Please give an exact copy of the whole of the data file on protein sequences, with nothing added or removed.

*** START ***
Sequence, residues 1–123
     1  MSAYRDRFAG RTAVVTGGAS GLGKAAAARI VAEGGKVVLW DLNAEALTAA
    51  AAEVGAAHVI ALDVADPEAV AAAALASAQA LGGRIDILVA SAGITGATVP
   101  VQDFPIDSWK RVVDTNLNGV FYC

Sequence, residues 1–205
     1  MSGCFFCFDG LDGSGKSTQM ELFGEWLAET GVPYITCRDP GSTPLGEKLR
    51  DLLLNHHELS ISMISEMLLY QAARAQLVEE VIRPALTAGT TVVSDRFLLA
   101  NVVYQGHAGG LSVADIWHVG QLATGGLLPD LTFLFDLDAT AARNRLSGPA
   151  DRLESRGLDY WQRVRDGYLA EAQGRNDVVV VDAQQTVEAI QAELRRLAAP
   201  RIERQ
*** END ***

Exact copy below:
Sequence, residues 1–123
     1  MSAYRDRFAG RTAVVTGGAS GLGKAAAARI VAEGGKVVLW DLNAEALTAA
    51  AAEVGAAHVI ALDVADPEAV AAAALASAQA LGGRIDILVA SAGITGATVP
   101  VQDFPIDSWK RVVDTNLNGV FYC

Sequence, residues 1–205
     1  MSGCFFCFDG LDGSGKSTQM ELFGEWLAET GVPYITCRDP GSTPLGEKLR
    51  DLLLNHHELS ISMISEMLLY QAARAQLVEE VIRPALTAGT TVVSDRFLLA
   101  NVVYQGHAGG LSVADIWHVG QLATGGLLPD LTFLFDLDAT AARNRLSGPA
   151  DRLESRGLDY WQRVRDGYLA EAQGRNDVVV VDAQQTVEAI QAELRRLAAP
   201  RIERQ